At COP21, the governments of almost 200 nations spoke with one voice to fight climate change. Global corporations played a critical role in making this breakthrough moment possible. Now it’s more important than ever that US business leaders continue to lead, sending a powerful message to the world about our commitment to a thriving, clean energy future.
So what can forward-thinking companies do to show leadership on climate and position their firms to succeed in the low-carbon future? Here are three ways that corporate leaders can step up their sustainability efforts in 2016:
1. Set public, science-based emission reduction goals that extend beyond your operations and into your supply chains
Companies around the world are increasing their climate leadership and ambition. Announcing big numbers is no longer enough. Greenhouse gas (GHG) targets must be based on what science tells us is required to limit warming and stabilize the climate.
One major corporation that has actively engaged its supply chain is Walmart. Working closely with Environmental Defense Fund (EDF), the world’s largest retailer exceeded its 5-year goal and reduced 28 million metric tons of GHG from its global supply chain and product life cycles. EDF was on the ground, providing the science and uncovering the GHG hotspots in Walmart’s supply chain. By sending the right demand signals, Walmart was able to engage its vast network of suppliers to unlock innovation and drive emission reductions, proving that big goals drive big innovation.
In addition, Kellogg has announced it plans to cut GHG emissions by 65% across its own operations, and for the first time, work with suppliers to cut supply chain emissions by 50% by 2050.
Leading companies recognise that today’s environmental challenges are too big to tackle on their own. Taking a systems-approach means looking beyond the four walls of your company, collaborating with key supply chain partners, and sending a clear demand signal for sustainable products and practices across your supply chain. Read more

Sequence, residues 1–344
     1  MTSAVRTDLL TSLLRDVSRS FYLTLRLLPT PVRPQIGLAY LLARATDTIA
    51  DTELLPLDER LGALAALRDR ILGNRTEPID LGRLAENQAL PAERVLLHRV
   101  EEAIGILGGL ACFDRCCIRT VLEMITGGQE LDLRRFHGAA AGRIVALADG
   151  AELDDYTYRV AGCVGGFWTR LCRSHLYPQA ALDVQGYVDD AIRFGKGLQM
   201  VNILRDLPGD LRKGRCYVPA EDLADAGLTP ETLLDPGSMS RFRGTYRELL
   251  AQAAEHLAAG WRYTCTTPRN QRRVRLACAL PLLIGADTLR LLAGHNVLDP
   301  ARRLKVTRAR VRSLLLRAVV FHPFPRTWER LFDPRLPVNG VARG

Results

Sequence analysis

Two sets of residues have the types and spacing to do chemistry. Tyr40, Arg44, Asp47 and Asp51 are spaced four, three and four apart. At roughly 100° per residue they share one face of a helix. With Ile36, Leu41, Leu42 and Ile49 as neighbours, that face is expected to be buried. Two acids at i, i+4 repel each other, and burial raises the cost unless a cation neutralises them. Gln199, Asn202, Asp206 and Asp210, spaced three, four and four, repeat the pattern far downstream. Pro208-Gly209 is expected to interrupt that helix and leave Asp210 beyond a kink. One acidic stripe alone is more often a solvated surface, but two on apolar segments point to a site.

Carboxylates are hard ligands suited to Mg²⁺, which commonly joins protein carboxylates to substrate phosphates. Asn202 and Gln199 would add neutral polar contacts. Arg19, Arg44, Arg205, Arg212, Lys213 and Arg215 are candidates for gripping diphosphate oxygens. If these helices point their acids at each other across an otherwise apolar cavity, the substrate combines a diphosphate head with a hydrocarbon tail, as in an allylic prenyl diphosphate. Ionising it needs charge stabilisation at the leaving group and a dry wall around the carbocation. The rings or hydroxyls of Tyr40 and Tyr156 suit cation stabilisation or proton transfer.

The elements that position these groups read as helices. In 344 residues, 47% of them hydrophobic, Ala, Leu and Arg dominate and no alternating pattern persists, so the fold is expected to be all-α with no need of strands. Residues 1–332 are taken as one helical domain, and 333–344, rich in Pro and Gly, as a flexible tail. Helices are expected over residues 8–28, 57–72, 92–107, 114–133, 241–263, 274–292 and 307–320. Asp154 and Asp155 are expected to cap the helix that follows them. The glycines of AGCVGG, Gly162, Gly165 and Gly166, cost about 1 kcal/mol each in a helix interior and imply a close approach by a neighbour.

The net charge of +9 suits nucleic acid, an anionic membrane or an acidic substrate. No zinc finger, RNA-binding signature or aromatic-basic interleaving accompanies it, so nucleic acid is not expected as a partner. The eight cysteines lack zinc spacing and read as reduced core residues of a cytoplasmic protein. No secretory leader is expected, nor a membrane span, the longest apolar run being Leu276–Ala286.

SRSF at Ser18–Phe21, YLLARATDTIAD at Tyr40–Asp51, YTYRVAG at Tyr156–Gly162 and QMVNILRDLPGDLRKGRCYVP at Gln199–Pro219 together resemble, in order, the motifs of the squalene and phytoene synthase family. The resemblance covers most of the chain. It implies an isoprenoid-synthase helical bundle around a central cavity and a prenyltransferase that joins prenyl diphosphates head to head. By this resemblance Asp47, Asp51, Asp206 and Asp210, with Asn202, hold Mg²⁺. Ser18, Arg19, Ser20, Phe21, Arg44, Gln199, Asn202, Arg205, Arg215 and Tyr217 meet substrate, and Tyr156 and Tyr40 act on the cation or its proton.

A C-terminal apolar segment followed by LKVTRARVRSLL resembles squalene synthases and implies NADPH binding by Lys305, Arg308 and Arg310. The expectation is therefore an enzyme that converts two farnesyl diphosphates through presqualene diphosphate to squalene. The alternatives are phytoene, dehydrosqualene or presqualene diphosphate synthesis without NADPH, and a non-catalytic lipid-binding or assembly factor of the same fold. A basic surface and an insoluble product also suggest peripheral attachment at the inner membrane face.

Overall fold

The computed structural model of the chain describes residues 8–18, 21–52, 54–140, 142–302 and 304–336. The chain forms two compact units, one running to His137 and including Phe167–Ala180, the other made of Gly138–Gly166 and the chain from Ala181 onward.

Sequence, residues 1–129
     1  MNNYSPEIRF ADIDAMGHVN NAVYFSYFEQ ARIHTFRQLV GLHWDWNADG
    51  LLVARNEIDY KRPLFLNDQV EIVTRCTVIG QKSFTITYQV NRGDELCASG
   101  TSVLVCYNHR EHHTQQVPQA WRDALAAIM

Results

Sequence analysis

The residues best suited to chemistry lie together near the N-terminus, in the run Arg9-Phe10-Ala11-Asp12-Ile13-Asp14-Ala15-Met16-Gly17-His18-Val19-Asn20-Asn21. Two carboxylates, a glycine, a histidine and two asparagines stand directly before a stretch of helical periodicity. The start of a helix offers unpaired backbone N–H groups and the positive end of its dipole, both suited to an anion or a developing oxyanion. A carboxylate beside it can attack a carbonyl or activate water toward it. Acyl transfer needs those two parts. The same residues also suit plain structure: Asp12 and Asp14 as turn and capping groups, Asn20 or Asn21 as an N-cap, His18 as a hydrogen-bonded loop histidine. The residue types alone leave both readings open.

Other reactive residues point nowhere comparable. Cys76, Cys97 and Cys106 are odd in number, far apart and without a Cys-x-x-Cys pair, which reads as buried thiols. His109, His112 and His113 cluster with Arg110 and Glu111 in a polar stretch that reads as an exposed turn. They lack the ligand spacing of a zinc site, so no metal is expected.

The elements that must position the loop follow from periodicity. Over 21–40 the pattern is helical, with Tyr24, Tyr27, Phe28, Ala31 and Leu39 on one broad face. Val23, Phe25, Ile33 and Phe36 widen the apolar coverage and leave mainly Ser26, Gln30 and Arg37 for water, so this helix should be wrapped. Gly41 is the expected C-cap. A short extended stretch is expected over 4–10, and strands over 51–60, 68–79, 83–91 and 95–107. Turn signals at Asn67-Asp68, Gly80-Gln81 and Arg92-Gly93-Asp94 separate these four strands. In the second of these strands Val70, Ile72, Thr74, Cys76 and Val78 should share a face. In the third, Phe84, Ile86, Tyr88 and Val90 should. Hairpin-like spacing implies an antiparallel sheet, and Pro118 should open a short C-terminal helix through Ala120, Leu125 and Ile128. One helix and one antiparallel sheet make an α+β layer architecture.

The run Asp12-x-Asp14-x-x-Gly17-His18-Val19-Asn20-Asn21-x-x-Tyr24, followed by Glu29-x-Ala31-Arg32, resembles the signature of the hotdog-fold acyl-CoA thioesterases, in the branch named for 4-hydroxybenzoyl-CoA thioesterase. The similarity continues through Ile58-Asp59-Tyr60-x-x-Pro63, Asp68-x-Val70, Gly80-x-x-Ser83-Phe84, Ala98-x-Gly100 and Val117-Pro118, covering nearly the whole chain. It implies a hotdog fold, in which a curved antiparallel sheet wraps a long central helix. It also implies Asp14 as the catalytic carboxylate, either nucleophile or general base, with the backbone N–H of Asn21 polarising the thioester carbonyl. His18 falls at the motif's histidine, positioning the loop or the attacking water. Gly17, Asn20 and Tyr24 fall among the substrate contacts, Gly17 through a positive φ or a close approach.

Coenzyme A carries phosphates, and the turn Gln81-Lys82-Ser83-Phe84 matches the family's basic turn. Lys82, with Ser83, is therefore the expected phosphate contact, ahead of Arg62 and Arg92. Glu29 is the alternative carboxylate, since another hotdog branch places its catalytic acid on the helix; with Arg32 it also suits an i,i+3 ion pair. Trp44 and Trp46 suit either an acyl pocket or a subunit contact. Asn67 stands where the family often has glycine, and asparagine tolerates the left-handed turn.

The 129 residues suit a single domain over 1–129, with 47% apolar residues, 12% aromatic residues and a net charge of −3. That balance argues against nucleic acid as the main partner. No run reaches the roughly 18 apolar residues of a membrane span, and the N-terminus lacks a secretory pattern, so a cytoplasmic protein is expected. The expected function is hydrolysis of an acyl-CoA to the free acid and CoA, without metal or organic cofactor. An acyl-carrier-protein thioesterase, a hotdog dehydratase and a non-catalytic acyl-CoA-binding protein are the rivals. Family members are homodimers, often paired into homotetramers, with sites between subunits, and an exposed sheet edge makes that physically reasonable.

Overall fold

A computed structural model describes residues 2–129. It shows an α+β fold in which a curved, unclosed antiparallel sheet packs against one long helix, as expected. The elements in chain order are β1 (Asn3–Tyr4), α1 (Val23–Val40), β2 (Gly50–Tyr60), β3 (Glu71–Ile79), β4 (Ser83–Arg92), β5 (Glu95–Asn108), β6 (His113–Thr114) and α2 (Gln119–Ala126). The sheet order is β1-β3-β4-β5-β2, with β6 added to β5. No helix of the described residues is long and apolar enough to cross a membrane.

The chorus of business voices calling for climate action has grown steadily in size and strength in the months leading up to the Paris climate talks. Now that COP 21 is finally here, companies have pumped up the volume even more, with a full-page ad in the Wall Street Journal and a wave of new commitments to the American Business Act on Climate Pledge.
Championing a Low-Carbon USA
In today’s Wall Street Journal, over a hundred U.S. companies placed a full-page advertisement calling for a shift to a low-carbon economy. The ad’s message is simple: failure to act on climate change puts America’s prosperity at risk, but the right action now will create jobs and boost competitiveness.
Click for full ad in PDF
Companies as diverse as Colgate-Palmolive, DuPont, eBay, General Mills, Ingersoll-Rand, Microsoft, Owens Corning and Pacific Gas & Electric signed on to the ad, which encourages the U.S. government to:
- Seek a strong and fair global climate deal in Paris that provides long-term direction and periodic strengthening to keep global temperature rise below 2°C